• (b) heating the KBX4 at a temperature sufficient to release BX3; and
  • (c) applying a plasma charge to the BX3 to create one or more activated boron species for diffusing into the metal surface.

In other embodiments, the present invention provides a method for boriding a metal surface, comprising the steps of:

  • (a) providing KBX4, wherein each X is halogen, in the presence of the metal surface;
  • (b) heating the KBX4 at a temperature sufficient to release BX3; and
  • (c) applying a plasma charge to the BX3 to create one or more activated boron species for diffusing into the metal surface.

In certain embodiments, the metal surface to be boronized is an iron-containing metal. Iron-containing metals are well known to one of ordinary skill in the art and include steels, high iron chromes, and titanium alloys. In certain embodiments, the iron-containing metal is a stainless steel or 4140 steel. In other embodiments, the stainless steel is selected from 304, 316, 316L steel. According to one embodiment, the iron-containing metal is a steel selected from 301, 301L, A710, 1080, or 8620. In other embodiments, the metal surface to be boronized is titanium or a titanium-containing metal. Such titanium-containing metals include titanium alloys.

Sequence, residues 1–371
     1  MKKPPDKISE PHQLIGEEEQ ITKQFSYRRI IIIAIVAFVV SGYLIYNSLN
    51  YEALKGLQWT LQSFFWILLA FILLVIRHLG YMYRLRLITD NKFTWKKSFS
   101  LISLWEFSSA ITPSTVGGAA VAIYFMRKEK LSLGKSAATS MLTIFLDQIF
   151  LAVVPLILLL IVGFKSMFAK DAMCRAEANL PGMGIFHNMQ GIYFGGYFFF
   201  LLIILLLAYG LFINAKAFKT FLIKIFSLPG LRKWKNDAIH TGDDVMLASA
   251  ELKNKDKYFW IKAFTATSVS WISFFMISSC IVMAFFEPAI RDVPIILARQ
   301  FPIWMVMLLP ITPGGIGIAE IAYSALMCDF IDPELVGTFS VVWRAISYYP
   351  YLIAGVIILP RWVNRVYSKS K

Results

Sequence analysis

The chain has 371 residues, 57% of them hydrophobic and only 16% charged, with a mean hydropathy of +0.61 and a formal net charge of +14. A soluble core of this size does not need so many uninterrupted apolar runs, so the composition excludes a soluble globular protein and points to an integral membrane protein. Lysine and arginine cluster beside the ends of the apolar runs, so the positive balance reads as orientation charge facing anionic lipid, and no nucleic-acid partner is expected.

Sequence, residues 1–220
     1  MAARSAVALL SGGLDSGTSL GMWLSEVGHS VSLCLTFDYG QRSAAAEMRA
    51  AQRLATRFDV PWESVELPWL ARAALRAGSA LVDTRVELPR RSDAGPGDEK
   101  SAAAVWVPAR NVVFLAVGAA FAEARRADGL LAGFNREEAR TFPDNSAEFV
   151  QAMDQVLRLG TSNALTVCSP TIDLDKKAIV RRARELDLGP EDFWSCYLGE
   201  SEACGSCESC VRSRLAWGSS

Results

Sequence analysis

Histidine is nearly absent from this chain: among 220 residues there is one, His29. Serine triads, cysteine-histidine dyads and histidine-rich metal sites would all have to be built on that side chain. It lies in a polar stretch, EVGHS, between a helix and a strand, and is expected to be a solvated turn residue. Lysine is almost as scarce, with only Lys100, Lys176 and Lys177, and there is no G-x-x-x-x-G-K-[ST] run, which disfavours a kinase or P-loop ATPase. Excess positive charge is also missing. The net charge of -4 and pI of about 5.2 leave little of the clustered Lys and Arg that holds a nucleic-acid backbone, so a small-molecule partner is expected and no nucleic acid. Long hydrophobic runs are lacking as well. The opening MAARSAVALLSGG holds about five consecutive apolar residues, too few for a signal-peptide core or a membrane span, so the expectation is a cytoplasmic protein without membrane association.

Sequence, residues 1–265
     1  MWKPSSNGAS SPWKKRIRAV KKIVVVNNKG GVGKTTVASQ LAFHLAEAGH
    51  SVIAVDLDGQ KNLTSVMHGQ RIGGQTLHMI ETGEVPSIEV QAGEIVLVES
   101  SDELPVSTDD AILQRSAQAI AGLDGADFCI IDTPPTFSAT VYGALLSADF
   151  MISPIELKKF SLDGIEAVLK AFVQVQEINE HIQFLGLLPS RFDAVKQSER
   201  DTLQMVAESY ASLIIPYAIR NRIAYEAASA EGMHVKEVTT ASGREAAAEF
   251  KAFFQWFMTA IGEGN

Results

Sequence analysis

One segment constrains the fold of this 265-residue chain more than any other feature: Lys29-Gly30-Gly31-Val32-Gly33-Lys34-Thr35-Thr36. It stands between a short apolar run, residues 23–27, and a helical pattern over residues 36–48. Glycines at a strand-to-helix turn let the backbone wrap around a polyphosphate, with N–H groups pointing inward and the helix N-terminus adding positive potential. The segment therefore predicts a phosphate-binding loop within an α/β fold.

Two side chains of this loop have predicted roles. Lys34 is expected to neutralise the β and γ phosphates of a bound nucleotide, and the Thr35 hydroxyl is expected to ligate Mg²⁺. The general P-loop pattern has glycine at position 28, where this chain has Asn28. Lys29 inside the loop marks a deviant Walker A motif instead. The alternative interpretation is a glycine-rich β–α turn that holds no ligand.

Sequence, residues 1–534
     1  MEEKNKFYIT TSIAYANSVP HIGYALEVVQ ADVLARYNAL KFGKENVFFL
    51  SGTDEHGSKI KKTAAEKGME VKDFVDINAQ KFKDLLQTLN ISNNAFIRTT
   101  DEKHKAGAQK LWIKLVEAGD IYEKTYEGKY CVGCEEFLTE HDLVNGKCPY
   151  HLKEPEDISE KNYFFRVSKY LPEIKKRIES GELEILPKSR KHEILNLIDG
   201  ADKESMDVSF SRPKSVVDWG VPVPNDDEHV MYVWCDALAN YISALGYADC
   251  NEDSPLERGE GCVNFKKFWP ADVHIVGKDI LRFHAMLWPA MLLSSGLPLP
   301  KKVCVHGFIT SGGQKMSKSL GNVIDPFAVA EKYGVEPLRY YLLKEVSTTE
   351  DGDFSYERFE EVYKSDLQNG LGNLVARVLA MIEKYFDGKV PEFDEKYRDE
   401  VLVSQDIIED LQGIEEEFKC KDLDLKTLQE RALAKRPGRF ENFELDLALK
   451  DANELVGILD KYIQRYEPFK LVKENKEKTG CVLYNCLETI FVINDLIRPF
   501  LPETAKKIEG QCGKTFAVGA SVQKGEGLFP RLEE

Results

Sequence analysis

In other embodiments, the KBX4 is provided in solid form in a chamber containing the metal surface to be borided. The KBX4 is heated to release BX3. A plasma charge is applied at the opposite side of the chamber to create a plasma comprising one or more activated boron species. The temperature at which the KBX4 is heated is sufficient to release BX3 therefrom. In certain embodiments, the KBX4 is heated at a temperature of 700 to 900° C.